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2012r2 NPS SQL logging missing fields RRS feed

  • Question

  • I've configured NPS on windows 2012r2 to log to a SQL DB, but it doesn't populate a lot of the fields.

    Notably, the most important field - REASON CODE - is one of the ones 2012 doesn't populate 

    It works in 2008r2...

    The DB was originally created with 2008r2, so I thought, perhaps there is a difference and I need to create a new DB

    If the DB is created with 2012r2 it doesn't even create the fields (or the appropriate entries in the stored procedure that interprets the XML the NPS service sends)...

    It would appear that the log XML that is posted to the SQL server doesn't contain the missing fields...

    How do I get it back in there?

    (the reason code is in the security event log entry on the NPS server, and if I set text file logging to the legacy IAS format it is logged, but its not a whole lot of use in there!)

    Tuesday, September 22, 2015 2:02 AM

All replies

  • Hi 2icOfTim Tams,

    I found a related post that NPS SQL missing reason-code in server 2012 R2. And L.M van der Vleuten find a way to get the field back, you may try the way provided by him, see if it could work in you lab. The post Link is below:

    https://social.technet.microsoft.com/Forums/windowsserver/en-US/c5d95387-e548-4e3f-bf3f-616a1ab91b5b/nps-sql-missing-reasoncode-in-server-2012-r2?forum=winserverNAP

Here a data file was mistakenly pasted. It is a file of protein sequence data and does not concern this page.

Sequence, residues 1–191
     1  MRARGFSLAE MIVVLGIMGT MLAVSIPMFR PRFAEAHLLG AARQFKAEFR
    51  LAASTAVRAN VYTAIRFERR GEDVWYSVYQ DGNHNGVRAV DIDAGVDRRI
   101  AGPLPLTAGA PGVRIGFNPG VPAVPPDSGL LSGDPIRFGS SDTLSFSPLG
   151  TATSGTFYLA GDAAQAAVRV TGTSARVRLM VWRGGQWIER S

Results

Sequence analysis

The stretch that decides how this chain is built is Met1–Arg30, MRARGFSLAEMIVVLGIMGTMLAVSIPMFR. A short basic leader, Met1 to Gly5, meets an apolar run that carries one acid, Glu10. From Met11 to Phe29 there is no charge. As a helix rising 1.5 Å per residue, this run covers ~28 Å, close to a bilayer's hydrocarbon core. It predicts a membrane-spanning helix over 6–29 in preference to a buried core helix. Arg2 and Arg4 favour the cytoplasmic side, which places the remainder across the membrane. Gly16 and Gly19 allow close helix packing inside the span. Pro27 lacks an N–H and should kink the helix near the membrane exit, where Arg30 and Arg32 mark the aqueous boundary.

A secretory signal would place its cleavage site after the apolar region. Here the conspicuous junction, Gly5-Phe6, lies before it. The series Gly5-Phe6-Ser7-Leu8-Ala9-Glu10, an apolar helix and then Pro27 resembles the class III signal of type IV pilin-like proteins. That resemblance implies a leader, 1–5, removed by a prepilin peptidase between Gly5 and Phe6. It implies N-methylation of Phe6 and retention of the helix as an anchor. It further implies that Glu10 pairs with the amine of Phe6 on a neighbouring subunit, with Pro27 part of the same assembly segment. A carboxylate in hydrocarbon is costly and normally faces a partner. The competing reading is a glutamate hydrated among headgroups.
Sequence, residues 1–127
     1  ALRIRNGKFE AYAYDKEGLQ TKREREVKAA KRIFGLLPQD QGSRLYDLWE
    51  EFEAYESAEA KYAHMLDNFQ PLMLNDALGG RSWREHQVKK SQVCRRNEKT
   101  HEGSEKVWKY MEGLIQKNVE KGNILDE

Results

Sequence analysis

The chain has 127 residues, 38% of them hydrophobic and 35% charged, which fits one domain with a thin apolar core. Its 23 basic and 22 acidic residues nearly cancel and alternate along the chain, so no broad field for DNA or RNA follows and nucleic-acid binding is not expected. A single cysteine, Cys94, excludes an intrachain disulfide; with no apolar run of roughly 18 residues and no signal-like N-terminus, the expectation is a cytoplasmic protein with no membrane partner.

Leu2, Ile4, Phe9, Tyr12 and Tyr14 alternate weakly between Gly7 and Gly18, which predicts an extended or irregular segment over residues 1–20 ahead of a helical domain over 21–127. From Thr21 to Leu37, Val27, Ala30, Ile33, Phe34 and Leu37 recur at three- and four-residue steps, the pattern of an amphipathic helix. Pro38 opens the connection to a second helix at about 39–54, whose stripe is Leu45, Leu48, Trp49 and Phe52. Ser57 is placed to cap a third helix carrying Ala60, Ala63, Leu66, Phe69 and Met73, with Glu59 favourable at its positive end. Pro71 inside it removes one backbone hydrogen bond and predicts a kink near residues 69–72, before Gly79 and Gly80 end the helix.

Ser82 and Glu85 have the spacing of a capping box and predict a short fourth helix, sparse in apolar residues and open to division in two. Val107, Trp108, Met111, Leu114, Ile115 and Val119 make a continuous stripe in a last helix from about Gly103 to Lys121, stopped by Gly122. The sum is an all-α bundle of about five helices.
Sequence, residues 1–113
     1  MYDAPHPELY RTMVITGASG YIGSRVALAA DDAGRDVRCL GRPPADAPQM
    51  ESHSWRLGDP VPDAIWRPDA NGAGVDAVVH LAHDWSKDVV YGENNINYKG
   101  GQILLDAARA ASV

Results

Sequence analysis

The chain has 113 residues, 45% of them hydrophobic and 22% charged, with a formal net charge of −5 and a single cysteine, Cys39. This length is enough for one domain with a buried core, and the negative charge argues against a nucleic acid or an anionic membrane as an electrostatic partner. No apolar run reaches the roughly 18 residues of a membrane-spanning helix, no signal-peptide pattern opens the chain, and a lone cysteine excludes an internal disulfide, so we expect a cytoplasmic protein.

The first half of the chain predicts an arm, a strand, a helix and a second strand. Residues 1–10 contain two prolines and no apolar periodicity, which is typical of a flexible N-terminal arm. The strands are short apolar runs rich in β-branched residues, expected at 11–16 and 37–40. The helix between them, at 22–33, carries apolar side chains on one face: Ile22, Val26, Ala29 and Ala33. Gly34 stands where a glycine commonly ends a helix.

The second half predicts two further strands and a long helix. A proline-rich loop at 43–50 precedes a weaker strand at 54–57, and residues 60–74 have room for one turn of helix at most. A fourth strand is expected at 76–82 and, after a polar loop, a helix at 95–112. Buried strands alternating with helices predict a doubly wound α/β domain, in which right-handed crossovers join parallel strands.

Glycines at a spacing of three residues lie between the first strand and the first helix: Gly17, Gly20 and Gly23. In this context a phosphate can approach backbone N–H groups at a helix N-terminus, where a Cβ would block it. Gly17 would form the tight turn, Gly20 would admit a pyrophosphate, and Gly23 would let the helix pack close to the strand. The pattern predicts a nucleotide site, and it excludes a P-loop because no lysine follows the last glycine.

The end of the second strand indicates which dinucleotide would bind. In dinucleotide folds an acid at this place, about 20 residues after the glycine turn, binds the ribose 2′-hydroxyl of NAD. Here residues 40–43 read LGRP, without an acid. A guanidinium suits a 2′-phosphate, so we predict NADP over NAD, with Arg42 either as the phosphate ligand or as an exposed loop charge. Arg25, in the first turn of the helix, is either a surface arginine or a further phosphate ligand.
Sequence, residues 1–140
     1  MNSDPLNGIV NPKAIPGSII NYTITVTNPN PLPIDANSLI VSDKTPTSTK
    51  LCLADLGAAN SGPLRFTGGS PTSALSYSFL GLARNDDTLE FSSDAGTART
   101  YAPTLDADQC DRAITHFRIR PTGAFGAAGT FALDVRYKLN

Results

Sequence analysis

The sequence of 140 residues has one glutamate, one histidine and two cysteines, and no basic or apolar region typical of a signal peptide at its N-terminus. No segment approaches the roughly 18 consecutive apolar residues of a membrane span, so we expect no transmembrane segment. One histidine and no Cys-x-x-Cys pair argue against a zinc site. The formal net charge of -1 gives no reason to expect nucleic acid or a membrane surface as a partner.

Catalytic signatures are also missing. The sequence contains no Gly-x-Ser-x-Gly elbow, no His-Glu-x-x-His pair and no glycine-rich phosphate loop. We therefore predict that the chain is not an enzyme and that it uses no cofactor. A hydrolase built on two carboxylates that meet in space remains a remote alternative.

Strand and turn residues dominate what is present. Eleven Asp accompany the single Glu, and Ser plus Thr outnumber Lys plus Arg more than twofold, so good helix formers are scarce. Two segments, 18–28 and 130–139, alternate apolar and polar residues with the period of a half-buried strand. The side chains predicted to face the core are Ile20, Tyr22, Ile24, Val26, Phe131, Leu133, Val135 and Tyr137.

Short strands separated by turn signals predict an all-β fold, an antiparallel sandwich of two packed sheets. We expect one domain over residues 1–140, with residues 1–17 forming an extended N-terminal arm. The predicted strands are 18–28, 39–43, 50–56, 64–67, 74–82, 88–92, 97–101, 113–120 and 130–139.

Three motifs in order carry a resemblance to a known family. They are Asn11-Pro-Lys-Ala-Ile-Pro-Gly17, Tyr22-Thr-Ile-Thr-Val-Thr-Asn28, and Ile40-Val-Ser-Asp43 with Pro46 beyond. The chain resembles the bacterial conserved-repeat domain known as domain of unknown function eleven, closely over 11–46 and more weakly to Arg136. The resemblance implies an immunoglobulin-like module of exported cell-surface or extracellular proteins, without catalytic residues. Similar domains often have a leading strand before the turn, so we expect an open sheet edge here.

Besides, as an alternative, we may also use the event log on the NPS server to view the reason code or other detailed information about the connection.

    Best Regards,

    Anne He  


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    Wednesday, September 30, 2015 3:07 AM
  • Thanks Anne,

    As I mentioned, the appropriate entries in the stored procedure that interprets the XML

    It would appear that the log XML that is posted to the SQL server doesn't contain the missing fields

    Also, yes, the reason code is in the security event log entry on the NPS server - but a key part of the rationale for logging to SQL is that I don't want the first level help-desk guys having to read the security log - A: they shouldn't have the rights; B: given the format of the events, that's a pretty complex query they need to run

    Regards,

    Tim

    Monday, October 19, 2015 8:44 PM